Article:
The Brooklyn Rail

JUNE 2022

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JUNE 2022 Issue
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Footsteps with a hiss attached, dis dis dis, dragging a mutant shadow from which the object has gone.

A pierced envelope, a membrane, has allowed the figure to escape, as a noun from a sentence, a button from a jacket, a person from life.

They spoke about the disappeared, I recall this; a fleet of awful bodies under moving tarps, a desert, a prairie, some hole in the gutter, some sewer, some truck running over hard gravel making the sound of teeth on metal skin.

Nothing is going to get me closer because I don’t trust you to be on the other side.

The other side of the mandate to get through or across to the other side, as if in the bright air of evening I could sit and disclose the very amplitude and extent of the lost and found in a flirtatious swell of stories, as if these might deliver the precision for which you have asked but which you have in no way earned.

No, I am not going to abandon the mute, as abhorrent and aberrant as it is, its intact pretense smiling back at you.

If only I could sing.

If I could sing then my body would escape into the pool of notes which might then arrange themselves as a soul, it has been done, I have heard these transformations as I know you have, when whatever we imagine has been seen has then been forfeited, excluded, thrown, its bloods released into poppies and sunsets, so that pathos, the tears of Mary, the tears of a girl, these are strewn into the receptive air, without echo or retrieval, no ghost, no dream recalled; a chord from which the singer can drag a lament, nothing to do with melody, nothing to do with pleasure.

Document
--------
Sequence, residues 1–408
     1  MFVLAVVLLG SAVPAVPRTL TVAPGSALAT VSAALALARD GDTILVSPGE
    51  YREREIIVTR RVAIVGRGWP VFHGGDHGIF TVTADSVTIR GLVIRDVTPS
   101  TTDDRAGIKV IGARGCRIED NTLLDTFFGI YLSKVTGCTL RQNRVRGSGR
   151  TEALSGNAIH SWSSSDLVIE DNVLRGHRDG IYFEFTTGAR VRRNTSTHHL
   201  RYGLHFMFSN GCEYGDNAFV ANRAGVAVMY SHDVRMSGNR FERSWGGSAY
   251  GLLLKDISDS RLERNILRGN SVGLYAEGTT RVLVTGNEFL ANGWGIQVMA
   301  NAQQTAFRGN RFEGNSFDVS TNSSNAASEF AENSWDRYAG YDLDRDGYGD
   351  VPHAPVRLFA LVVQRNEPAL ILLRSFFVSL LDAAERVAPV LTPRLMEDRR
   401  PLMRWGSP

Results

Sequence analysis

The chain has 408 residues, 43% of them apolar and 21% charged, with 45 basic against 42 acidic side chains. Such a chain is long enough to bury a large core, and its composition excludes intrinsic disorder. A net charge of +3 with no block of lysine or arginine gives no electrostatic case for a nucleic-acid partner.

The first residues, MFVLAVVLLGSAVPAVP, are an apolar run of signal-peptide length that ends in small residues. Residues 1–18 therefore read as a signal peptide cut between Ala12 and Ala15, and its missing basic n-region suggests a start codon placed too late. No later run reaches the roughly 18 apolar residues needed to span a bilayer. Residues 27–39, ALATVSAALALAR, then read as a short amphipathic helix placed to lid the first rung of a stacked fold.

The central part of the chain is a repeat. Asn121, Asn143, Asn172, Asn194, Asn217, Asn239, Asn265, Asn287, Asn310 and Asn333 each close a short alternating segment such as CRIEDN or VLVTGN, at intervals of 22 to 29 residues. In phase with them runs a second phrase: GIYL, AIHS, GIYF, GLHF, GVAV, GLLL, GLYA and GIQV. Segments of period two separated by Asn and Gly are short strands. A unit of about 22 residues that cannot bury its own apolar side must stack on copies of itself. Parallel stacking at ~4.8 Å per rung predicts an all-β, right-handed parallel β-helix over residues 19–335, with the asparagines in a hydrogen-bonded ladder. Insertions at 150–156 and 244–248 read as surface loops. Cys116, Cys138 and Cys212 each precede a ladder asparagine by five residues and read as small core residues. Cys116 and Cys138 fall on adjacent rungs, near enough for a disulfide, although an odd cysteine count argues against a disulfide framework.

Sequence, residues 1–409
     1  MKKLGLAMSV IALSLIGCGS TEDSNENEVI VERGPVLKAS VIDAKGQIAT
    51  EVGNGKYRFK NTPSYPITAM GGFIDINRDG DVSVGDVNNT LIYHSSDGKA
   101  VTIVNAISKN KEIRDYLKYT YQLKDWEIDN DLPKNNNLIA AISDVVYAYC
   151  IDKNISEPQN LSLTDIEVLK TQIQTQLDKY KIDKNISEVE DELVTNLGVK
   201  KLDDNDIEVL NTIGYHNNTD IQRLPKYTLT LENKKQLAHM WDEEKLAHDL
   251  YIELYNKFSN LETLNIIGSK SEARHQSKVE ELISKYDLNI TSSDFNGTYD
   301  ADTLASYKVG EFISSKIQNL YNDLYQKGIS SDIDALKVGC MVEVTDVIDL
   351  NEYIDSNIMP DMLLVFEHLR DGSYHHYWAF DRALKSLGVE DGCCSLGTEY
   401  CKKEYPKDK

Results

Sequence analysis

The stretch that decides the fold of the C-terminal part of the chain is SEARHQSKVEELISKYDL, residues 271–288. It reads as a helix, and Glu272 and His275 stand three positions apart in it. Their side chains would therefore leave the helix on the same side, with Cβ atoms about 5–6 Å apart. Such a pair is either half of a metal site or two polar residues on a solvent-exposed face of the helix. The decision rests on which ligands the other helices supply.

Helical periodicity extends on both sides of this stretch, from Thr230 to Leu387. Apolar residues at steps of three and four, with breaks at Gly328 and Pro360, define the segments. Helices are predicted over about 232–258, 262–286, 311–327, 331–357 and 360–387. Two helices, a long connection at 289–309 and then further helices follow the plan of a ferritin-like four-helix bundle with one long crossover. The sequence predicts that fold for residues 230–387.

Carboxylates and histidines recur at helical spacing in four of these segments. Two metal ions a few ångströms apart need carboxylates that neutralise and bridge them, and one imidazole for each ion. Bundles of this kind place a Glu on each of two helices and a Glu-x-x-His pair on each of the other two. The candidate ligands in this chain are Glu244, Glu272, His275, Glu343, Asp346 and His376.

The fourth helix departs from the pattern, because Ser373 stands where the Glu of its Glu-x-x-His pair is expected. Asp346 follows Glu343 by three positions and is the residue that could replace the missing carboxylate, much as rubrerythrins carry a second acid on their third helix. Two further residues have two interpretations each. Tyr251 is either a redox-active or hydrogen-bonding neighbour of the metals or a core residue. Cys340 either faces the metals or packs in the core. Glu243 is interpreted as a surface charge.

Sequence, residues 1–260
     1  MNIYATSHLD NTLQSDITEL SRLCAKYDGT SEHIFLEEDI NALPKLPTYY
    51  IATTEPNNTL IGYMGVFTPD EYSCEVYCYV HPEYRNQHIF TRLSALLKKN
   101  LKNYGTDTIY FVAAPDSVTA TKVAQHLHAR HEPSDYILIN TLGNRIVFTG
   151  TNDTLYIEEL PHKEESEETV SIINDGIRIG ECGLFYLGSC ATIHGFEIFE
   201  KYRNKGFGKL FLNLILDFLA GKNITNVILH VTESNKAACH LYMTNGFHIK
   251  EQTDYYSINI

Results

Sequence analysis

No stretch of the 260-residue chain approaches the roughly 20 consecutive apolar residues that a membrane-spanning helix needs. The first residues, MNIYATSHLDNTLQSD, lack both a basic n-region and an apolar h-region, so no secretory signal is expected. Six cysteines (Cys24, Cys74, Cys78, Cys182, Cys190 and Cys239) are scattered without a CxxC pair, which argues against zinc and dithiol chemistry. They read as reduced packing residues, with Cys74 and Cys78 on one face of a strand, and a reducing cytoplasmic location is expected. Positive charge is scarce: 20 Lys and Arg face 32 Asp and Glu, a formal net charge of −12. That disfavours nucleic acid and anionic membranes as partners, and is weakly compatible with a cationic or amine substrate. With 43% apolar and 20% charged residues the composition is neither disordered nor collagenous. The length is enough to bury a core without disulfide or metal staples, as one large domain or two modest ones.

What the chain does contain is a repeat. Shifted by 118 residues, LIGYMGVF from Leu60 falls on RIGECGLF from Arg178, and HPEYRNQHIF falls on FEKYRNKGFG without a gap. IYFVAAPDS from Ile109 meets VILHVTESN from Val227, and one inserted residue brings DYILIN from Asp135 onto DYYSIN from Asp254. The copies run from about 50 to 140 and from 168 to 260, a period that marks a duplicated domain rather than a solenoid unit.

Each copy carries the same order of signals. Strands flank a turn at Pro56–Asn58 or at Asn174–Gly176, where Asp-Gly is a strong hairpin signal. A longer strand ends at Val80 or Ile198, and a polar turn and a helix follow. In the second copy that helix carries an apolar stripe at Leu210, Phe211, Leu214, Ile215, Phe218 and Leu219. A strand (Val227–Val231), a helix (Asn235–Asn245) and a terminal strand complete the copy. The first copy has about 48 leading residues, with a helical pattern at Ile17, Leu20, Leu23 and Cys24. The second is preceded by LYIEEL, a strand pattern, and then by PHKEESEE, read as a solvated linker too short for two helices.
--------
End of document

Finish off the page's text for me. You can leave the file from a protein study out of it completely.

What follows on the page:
This is why I listen to the cello suites over and over, as they seem to exist above the breach and to travel alongside, as fluid companions to the dissonant assembly below.

If you are awaiting the figure, it will not emerge.

The image is bare which is why I must forsake it, to protect it from the cruelty of the emulating shadow with its arrogant intimacy, its false embrace in the flare of lit space: candles, dawn, that slit of moon.

Dangerous and sly, unable to form the slightest attachment, the merest touch with its object, it caresses the night with an affinity so entire it cannot be discerned.

You see, don’t you, how the appearance of a thing is a form of betrayal.


Ann Lauterbach

Ann Lauterbach’s eleventh collection of poems, Door, will be published in spring 2023. A recipient of Guggenheim and MacArthur fellowships, she teaches at Bard College.


The Brooklyn Rail

JUNE 2022

All Issues